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(1) A description of the givens of immediate experience.

(2) An attempt to capture experience in process as lived, through descriptive analysis. It studies how things appear to consciousness or are given in experience, and not how they are in themselves, even if it is known that the given contains more than or is different from what is presented. (For instance, assault victims may experience fear for months or years after the assault, even when no apparent danger exists. What does this fear mean? Where does it come from? How is it experienced? The answers bring us closer to the phenomenon that is lived).

(3) A method of knowing that "begins with the things themselves, that tries to find a 'first opening' on the world free of our perceptions and interpretations, together with a methodology for reducing the interference of our preconceptions.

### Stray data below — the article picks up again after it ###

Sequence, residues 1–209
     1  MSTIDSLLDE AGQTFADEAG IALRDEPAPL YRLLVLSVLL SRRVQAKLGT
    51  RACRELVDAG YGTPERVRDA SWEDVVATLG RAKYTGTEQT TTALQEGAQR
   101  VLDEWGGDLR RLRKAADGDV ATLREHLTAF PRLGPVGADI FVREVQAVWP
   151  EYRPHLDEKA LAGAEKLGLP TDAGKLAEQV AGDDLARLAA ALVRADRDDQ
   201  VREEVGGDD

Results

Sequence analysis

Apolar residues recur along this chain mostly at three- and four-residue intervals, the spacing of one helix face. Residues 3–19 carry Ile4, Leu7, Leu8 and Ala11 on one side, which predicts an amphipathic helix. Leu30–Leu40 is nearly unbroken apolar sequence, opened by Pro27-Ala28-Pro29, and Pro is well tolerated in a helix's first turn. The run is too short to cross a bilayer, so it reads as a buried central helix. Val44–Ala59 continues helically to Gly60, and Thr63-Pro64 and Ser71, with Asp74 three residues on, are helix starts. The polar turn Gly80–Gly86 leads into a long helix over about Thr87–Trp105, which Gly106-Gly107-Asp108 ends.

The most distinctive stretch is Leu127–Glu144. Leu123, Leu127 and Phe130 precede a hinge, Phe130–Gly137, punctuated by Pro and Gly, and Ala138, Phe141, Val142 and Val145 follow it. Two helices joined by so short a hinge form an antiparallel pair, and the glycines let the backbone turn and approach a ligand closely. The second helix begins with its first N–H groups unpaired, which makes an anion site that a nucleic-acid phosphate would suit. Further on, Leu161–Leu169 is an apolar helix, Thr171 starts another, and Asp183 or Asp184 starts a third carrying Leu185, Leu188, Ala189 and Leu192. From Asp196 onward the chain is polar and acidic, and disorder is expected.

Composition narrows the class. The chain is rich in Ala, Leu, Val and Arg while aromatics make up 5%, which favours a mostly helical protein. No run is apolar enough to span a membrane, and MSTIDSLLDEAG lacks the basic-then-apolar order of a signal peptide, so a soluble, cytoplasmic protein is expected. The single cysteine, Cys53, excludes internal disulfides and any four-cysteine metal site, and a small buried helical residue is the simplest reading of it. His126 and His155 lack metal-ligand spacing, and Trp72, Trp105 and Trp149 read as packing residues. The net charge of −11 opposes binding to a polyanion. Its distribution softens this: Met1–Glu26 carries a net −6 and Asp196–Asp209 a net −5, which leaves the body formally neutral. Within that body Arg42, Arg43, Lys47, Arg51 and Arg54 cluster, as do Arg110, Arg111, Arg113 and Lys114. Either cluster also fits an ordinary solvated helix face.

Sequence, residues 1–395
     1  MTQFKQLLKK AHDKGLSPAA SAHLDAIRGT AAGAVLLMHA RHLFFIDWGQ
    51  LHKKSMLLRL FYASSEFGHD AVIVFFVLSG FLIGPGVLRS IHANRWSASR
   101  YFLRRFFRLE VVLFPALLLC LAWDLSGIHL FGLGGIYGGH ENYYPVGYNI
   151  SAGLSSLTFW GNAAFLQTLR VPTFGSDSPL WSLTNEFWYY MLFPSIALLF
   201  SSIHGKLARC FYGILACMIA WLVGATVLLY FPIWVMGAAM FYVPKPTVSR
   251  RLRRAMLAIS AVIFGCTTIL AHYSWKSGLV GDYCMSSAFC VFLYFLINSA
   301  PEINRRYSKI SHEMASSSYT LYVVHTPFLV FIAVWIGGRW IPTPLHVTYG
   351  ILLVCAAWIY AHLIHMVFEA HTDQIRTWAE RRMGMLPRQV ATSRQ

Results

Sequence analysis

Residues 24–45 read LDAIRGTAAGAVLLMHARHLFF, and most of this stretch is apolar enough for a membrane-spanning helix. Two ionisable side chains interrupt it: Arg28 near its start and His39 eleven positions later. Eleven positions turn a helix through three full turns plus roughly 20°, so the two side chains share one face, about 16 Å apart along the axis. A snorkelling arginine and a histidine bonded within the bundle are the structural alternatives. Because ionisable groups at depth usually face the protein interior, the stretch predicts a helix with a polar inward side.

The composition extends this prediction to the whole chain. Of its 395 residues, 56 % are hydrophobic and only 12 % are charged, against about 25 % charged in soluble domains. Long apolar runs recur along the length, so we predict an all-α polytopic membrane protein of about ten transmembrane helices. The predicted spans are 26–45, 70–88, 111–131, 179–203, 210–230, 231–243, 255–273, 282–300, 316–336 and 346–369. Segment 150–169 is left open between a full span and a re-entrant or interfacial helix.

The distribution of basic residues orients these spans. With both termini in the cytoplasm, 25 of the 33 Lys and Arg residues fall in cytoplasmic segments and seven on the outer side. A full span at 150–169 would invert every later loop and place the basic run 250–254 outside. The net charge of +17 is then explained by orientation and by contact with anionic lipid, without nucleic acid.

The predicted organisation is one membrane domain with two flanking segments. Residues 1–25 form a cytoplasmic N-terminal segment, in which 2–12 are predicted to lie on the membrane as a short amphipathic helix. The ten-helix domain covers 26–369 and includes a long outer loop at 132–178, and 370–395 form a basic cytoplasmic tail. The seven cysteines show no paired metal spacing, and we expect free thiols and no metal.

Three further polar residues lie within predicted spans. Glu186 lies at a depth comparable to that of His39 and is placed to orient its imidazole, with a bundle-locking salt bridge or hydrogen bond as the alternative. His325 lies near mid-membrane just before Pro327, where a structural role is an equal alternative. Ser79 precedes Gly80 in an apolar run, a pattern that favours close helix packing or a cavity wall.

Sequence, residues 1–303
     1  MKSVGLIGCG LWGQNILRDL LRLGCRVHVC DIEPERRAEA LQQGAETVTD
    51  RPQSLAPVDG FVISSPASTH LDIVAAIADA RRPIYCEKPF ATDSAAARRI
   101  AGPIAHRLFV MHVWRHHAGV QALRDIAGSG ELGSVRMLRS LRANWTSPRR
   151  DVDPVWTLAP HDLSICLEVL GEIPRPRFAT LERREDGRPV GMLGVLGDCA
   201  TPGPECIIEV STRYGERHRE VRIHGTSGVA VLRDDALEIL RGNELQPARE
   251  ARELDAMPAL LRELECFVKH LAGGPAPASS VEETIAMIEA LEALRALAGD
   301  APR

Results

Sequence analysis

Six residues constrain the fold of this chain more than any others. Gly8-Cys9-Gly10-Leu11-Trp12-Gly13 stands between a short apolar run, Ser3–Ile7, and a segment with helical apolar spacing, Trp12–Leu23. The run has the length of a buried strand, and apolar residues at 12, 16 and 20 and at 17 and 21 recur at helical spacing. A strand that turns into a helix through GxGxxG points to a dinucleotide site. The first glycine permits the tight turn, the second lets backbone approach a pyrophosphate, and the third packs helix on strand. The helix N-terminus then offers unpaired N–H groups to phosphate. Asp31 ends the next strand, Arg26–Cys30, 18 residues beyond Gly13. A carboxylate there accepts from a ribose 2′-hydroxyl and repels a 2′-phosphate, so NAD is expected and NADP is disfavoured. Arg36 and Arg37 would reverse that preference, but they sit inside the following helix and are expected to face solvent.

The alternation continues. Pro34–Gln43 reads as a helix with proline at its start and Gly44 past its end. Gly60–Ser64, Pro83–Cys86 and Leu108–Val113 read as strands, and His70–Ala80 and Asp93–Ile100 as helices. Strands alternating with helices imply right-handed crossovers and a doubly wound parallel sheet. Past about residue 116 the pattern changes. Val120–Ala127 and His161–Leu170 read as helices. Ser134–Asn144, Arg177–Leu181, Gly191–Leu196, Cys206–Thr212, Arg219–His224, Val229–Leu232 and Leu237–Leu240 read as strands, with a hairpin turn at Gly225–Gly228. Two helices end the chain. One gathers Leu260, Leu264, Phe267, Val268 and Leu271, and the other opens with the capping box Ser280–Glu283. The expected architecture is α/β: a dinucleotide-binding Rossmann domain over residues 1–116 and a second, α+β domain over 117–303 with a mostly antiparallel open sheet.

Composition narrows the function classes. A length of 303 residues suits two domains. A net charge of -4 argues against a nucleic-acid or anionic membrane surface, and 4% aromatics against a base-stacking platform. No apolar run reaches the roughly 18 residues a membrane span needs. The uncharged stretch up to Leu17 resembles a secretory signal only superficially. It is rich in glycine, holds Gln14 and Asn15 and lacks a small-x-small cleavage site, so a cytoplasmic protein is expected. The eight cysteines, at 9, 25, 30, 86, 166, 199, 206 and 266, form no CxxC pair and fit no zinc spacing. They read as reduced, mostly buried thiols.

(4) A method of learning about another person by listening to their descriptions of what their subjective world is like for them, together with an attempt to understand this in their own terms as fully as possible, free of our preconceptions and interferences.

In ordinary life, we "capture" and conceptualize everything, using our preconceptions to turn everything into something other than it actually is, one or two steps removed from direct unfiltered experience. Phenomenology strives to clarify our receiving abilities and rediscover the actuality of what is.


Phenomenology came into its own with Husserl, much as epistemology came into its own with Descartes, and ontology or metaphysics came into its own with Aristotle on the heels of Plato. Yet phenomenology has been practiced, with or without the name, for many centuries. When Hindu and Buddhist philosophers reflected on states of consciousness achieved in a variety of meditative states, they were practicing phenomenology. When Descartes, Hume, and Kant characterized states of...

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